Although the surnames Conry and Conroy are, properly speaking, quite distinct, they are dealt with together here because in modern times they have become almost interchangeable. To illustrate this we may refer to the list of synonyms issued by the Registrar-General of Births, Deaths and Marriages in the year 1901. At that comparatively recent date births in families usually called Conroy were also registered as Conary, Conrahy, Conree, Cunree, Cory, King and also Munconry and Conry; the synonyms for Conry were Connery, Mulconry and Conroy. All that can be doe to elucidate the resultant confusion is to give a brief account of the background of the several Gaelic surnames which have assumed the various anglicized forms given above. The most important of these is O Maolconaire, I.e. descendant of the follower of Conaire, from which O'Mulconry and its abbreviation, Conry, naturally derive, though, as we have seen, Conroy is also used by modern descendants of this sept. However, it should be stated that in the homeland of the O Maolconaire sept, whose patrimony was the parish of Clooncraff in the neighbourhood of Strokestown, Co. Roscommon, they are usually called Conry not Conroy. The O'Mulcronrys were hereditary poets and chroniclers of the Kings of Connacht, and many such are recorded in the "Annals of Connacht", the "annals of the Four Masters" etc., the most notable of whom were Fearfasa O'Mulconry, who was himself one of the Four Masters (whose work was completed 1636), and Maurice O'Mulcrony whose copy of the "Book of Fenagh", made in 1517, is an exceptionally beautiful manuscript. Most Rev. Florence Conry (1561-1629), Archbishop of Tuam, was also of this sept. His name is so spelt in the Franciscan records, but in some other contemporary documents he appears as Conroy, and also as O'Maolconaire. this most distinguished Franciscan was associated with the foundation of the Irish College at Louvain, and wrote many important works including a theological treatise in Irish. He was chaplain in the Spanish Armada and to Hugh O'Donnell at his death. Charles O'Mulconry (son of John O'Mulconry,. who fought in the Cromwellian war and lost his estate in Co. Roscommon) was an ardent Jacobite and was killed at the Battle of the Boyne in 1690. Another John O'Mulconry, the famous Gaelic poet and chronicler, whose family had settled at Ardkyle in Co. Clare, was of this sept. He presided over a school of poets at Ardkyle from about 1440 to 1470. Hardiman's inclusion of the Mulconrys among the Dalcassian septs is an error. Other Gaelic surnames which are anglicized Conry and Conroy in connacht are O Conraoi of Ui Maine or Hy Many, I.e. the territory known as O'Kelly's Country in east Galway and south Roscommon, and Mac Conraoi of Moycullen, called by the Four Masters Lord of Delvin of the Two Lakes (viz. Lough Corrib and Lough Lurgan - an old name for the Bay of Galway). The "Books of Survey and Distribution", and other seventeenth century records, show that MacConrys or MacConroys were there at that period. Padraic O'Conaire (1883-1928), one of the best known of all the modern writers in Irish, was a Galway man - his statue is to be seen in Eyre Square in Galway City. He spelt his name O Conaire, though this form is usually found in Munster and anglicized Connery, and is quite distinct from the Galway sept just mentioned. O'Connery is included in Smith's History of County Waterford among the principal inhabitants of the county at the end of the sixteenth century.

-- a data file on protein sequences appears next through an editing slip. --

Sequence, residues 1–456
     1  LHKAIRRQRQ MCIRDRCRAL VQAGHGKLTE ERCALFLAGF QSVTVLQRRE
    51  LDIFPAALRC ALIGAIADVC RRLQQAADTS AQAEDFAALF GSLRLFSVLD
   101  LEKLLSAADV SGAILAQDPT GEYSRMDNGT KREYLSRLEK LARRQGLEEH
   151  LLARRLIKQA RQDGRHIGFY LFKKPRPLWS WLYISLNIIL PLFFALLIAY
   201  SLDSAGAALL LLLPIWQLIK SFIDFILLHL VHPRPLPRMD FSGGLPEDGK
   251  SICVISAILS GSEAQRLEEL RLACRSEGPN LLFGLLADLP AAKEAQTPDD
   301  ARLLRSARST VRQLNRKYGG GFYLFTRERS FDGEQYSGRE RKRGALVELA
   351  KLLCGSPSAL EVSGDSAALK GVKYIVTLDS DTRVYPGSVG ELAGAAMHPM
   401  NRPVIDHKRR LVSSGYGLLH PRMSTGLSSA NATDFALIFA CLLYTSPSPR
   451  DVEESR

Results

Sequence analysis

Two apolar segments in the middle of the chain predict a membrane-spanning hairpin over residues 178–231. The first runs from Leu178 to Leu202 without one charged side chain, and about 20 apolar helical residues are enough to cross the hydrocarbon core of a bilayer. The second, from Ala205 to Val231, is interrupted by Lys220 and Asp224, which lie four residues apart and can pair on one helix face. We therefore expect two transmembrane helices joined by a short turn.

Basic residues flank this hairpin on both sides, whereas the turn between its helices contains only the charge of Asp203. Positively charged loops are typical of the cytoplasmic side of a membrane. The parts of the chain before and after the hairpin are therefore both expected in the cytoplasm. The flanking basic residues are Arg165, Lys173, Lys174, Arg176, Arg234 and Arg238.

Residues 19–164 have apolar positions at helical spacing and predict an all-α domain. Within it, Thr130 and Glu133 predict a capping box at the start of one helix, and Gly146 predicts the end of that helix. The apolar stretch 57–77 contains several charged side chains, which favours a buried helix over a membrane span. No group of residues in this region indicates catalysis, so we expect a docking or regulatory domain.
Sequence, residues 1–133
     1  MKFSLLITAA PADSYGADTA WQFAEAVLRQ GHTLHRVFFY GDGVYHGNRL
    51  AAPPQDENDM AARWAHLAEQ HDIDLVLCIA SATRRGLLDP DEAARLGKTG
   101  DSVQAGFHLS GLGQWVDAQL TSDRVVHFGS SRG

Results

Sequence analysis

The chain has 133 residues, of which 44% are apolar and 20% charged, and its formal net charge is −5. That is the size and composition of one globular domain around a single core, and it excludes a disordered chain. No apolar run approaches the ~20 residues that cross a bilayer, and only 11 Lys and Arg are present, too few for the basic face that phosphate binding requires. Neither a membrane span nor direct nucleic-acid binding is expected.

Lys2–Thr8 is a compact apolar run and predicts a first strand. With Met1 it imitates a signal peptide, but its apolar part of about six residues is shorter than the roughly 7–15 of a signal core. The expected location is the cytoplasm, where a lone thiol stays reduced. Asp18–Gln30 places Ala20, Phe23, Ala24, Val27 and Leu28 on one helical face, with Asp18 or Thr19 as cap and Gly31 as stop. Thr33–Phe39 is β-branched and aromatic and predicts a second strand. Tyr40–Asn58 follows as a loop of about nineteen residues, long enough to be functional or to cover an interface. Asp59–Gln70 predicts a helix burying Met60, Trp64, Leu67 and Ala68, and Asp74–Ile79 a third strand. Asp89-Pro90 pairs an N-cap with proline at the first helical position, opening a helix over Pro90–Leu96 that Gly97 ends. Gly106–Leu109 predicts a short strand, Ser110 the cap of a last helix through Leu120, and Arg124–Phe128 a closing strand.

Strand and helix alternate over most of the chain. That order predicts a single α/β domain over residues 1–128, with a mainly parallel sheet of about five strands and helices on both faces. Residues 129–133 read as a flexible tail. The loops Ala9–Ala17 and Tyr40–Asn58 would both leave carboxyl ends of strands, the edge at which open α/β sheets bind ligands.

AnnCardiff Report 16 Jan 2009 10:51

Cuolahan or Coolahan is a surname about which there has been confusion, not only because it now does duty in English both for Mac Uallacháin and Ó Cú1acháin but also because it has been mistaken for MacCoughlan. This mistake arose because the homeland for many centuries of the sept of Mac Uatiacháin has been the parish of Lusmagh in the barony of Garrycastle, Co. Offaly, and the MacCoughlans occupied the remainder of that barony. In the case of Mac names beginning with a vowel, Mac Uallacháin, tends to become Ó Cullacháin in speech and sometimes to be so written . In the seventeenth century the MacColleghans were extensive landholders in east Galway. At the end of the century they were still in Co. Offaly - thence came Lt. Daniel Cuolaghan of James 11's army - and they are there today, though nowhere in large numbers. The O'Cuolahans are of different stock, being of the Hy Fiachrach group and located around Carra, Co. Mayo. Diarmid Ó Cú1acháin (b. 1221), professor of history and scribe of the mass-books of Knock and Aghagower, was the most distinguished member of this sept. The forms Coolihan and Coolican are modern variants.

The Irish forename Corcoran is derived from the Gaelic word Corcair, now used to denote purple but formerly meaning ruddy. The sept called MacCorcoran was of some importance in the Ely O'Carroll county: they were still people of substance in Offaly and Tipperary and Cork To-day. The O'Corcorans belonged to Fermanagh and produced a number of ecclesiastics from the eleventh to the fifteenth century whose field of activity was around Lough Erne. One of these was Bishop of Clogher in 1373. The name is rare there now: probably there was a westward migration as it is found in counties Mayo and Sligo. From the latter came Brigadier General Michael Corcoran (1827-1863), who recruited an Irish Legion in the United States in 1861. Edmund O'Corcoran, "the hero of Limerick" (I.e. the siege of 1691), was the subject of one of O'Carolan's well-known poems.